I have merely mentioned these questions, that in treating of the conception of the understanding, there might be no omission of anything that, in the common opinion, belongs to them. In reality, however, the notion of absolute possibility (possibility which is valid in every respect) is not a mere conception of the understanding, which can be employed empirically, but belongs to reason alone, which passes the bounds of all empirical use of the understanding. We have, therefore, contented ourselves with a merely critical remark, leaving the subject to be explained in the sequel.
Before concluding this fourth section, and at the same time the system of all principles of the pure understanding, it seems proper to mention the reasons which induced me to term the principles of modality postulates. This expression I do not here use in the sense which some more recent philosophers, contrary to its meaning with mathematicians, to whom the word properly belongs, attach to it—that of a proposition, namely, immediately certain, requiring neither deduction nor proof. For if, in the case of synthetical propositions, however evident they may be, we accord to them without deduction, and merely on the strength of their own pretensions, unqualified belief, all critique of the understanding is entirely lost; and, as there is no want of bold pretensions, which the common belief (though for the philosopher this is no credential) does not reject, the understanding lies exposed to every delusion and conceit, without the power of refusing its assent to those assertions, which, though illegitimate, demand acceptance as veritable axioms. When, therefore, to the conception of a thing an a priori determination is synthetically added, such a proposition must obtain, if not a proof, at least a deduction of the legitimacy of its assertion.
The principles of modality are, however, not objectively synthetical, for the predicates of possibility, reality, and necessity do not in the least augment the conception of that of which they are affirmed, inasmuch as they contribute nothing to the representation of the object. But as they are, nevertheless, always synthetical, they are so merely subjectively. That is to say, they have a reflective power, and apply to the conception of a thing, of which, in other respects, they affirm nothing, the faculty of cognition in which the conception originates and has its seat. So that if the conception merely agree with the formal conditions of experience, its object is called possible; if it is in connection with perception, and determined thereby, the object is real; if it is determined according to conceptions by means of the connection of perceptions, the object is called necessary. The principles of modality therefore predicate of a conception nothing more than the procedure of the faculty of cognition which generated it. Now a postulate in mathematics is a practical proposition which contains nothing but the synthesis by which we present an object to ourselves, and produce the conception of it, for example—"With a given line, to describe a circle upon a plane, from a given point"; and such a proposition does not admit of proof, because the procedure, which it requires, is exactly that by which alone it is possible to generate the conception of such a figure. With the same right, accordingly, can we postulate the principles of modality, because they do not augment** the conception of a thing but merely indicate the manner in which it is connected with the faculty of cognition.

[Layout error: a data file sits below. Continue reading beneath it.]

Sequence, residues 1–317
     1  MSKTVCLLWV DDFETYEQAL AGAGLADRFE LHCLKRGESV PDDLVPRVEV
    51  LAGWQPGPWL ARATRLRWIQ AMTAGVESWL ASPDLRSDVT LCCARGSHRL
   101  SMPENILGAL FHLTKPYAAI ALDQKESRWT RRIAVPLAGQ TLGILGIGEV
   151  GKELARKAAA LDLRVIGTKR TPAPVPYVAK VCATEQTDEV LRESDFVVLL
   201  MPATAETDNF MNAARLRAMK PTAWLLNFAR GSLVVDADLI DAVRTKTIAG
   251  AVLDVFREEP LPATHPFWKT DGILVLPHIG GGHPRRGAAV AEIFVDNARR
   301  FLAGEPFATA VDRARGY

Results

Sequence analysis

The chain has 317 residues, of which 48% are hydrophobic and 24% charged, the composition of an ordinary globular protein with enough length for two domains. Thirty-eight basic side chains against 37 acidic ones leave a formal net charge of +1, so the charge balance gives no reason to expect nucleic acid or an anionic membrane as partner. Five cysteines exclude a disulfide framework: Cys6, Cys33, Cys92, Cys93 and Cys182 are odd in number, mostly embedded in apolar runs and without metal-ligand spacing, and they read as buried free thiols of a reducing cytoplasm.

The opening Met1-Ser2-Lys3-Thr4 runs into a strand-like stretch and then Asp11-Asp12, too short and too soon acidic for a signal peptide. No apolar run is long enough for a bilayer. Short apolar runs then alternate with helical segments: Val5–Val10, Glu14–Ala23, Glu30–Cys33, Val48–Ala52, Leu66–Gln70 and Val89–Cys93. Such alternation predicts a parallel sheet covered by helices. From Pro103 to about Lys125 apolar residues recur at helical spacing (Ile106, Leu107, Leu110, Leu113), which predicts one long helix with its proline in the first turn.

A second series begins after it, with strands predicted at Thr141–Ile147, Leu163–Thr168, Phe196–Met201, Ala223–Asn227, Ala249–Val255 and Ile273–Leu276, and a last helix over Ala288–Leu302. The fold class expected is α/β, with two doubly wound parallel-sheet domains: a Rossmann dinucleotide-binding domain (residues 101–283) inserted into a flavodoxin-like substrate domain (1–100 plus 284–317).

*The immediate consciousness of the existence of external things is, in the preceding theorem, not presupposed, but proved, by the possibility of this consciousness understood by us or not. The question as to the possibility of it would stand thus: "Have we an internal sense, but no external sense, and is our belief in external perception a mere delusion?" But it is evident that, in order merely to fancy to ourselves anything as external, that is, to present it to the sense in intuition we must already possess an external sense, and must thereby distinguish immediately the mere receptivity of an external intuition from the spontaneity which characterizes every act of imagination. For merely to imagine also an external sense, would annihilate the faculty of intuition itself which is to be determined by the imagination.
*When I think the reality of a thing, I do really think more than the possibility, but not in the thing; for that can never contain more in reality than was contained in its complete possibility. But while the notion of possibility is merely the notion of a position of thing in relation to the understanding (its empirical use), reality is the conjunction of the thing with perception.